That said, I’m no expert in reaching out to agencies. I thought it might be helpful to include some advice directly from one of my favorite agencies to work with, Newmark Models. Below is a little blip of insight from Jules Newmark. Thanks for contributing, Jules!

Take the time to really consider your work and editing style and make sure it matches with each agency’s aesthetics before reaching out. I find the best way for photographers to contact agencies for testing is to call the agency and get the name and email of the person handling tests. Next, craft a short, friendly email including a bit about your experience, why the models needs your work, a link to your website and Instagram, and a picture or two of your latest work. Agencies are bombarded with inquiries, so keep it quick and interesting. Once you start a conversation with the agency, set up a test that makes sense for you and the model—this isn’t the best time to try out that one idea you have a gut feeling may be too avant-garde. One of my personal pet peeves that will send you quick to the blacklist is asking the models to shoot nude after never initially discussing it with the agency. Once you’ve set up a shoot, realize this is also a test of your relationship with the agency. This could lead to job recommendations or just a great reputation in what is a very small world.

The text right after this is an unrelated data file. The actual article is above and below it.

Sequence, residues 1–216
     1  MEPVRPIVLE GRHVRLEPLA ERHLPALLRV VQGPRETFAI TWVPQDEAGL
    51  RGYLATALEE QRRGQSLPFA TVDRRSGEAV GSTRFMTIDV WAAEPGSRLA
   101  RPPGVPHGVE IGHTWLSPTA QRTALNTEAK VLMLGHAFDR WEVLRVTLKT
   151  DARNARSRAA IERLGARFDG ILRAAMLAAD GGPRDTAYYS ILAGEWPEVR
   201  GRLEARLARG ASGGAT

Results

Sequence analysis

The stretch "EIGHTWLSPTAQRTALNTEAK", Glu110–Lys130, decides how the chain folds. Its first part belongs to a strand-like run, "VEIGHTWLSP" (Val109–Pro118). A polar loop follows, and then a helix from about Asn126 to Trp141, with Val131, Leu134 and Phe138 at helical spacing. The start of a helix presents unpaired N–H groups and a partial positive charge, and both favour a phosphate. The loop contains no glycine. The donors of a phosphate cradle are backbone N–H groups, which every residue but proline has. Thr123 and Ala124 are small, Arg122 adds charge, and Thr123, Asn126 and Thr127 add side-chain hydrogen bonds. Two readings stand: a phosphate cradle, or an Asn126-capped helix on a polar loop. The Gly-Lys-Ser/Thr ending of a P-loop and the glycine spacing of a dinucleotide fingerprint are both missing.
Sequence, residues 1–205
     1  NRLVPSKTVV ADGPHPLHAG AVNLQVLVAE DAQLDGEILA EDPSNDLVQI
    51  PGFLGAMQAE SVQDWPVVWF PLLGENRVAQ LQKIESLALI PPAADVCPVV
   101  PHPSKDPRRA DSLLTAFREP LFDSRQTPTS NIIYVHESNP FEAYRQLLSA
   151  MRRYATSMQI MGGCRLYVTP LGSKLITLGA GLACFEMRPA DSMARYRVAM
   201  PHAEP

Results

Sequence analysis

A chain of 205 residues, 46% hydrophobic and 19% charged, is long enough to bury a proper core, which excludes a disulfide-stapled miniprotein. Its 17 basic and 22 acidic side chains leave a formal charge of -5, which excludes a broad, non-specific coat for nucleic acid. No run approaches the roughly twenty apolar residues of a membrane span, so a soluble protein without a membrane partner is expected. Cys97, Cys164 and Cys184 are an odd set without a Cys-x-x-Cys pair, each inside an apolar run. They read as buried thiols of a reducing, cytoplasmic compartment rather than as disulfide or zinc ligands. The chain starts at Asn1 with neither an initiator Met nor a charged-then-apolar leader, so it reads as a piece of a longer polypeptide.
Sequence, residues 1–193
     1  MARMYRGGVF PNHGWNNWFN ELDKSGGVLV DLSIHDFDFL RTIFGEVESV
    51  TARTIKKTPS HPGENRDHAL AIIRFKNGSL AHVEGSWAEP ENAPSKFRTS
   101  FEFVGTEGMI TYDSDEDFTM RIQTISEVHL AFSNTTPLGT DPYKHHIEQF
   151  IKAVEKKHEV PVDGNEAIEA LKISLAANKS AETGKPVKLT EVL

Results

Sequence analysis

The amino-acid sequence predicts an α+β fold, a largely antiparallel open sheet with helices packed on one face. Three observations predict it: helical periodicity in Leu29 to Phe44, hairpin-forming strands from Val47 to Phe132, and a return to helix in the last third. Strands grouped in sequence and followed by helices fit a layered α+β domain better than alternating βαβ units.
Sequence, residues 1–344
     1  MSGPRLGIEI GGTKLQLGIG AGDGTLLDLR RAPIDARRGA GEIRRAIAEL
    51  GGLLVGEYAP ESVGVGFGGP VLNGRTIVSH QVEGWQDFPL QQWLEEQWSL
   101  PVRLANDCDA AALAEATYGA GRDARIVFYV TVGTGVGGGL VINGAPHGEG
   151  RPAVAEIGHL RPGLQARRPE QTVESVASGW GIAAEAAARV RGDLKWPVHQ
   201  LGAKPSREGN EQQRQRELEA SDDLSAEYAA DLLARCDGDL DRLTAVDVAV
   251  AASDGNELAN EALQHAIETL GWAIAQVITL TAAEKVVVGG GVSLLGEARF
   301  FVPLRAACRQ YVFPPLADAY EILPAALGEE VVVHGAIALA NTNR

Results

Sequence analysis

— Jules Newmark, Newmark Models


Here are just a few little tips you might find useful as you go into test shooting. It’s not as scary as it seems, I promise.


Hierarchy is a thing in any industry. You aren’t Tim Walker (and if you are, thanks for being amazing, sir). If you’re reading this, it most likely means that you haven’t yet built a large portfolio and you’re looking to break into a new realm of the photography world. There are the top agencies (Wilhelmina, Ford, Next), there are mid-size agencies and there are smaller boutique agencies. Places like New York City, Paris and L.A. have the whole spectrum and just about anywhere else will have small- to mid-size agencies. If you don’t have much in your portfolio yet, start small. Reach out to agencies that you truly feel will benefit from having you shoot their new faces (and be honest with yourself). As your portfolio builds, start moving up the ladder!


See that sample email up there? That’s what we call a “cold email.” I’d send it to an agency that I’ve never worked with before and where I don’t know anyone personally. Thankfully, I don’t really have to send those much anymore. Over the years, I’ve been able to build relationships with agencies that I can now reach out to, saying something more along the lines of “Hey Mark! I’m setting up some tests next month. Do you all have any girls who are open for tests?” It’s a wonderful place to be in and it all starts with that cold email, and then being consistently easy and valuable to work with.

In addition to agencies (in fact, probably before agencies), you’ll find yourself building relationships with models you’ve worked with. That can mean that not only do you have someone you can reach out to when inspiration strikes, but you’ll build relationships that turn photo shoots into something more like a collaboration between you and a model who has learned your style and can deliver what you love without as much direction.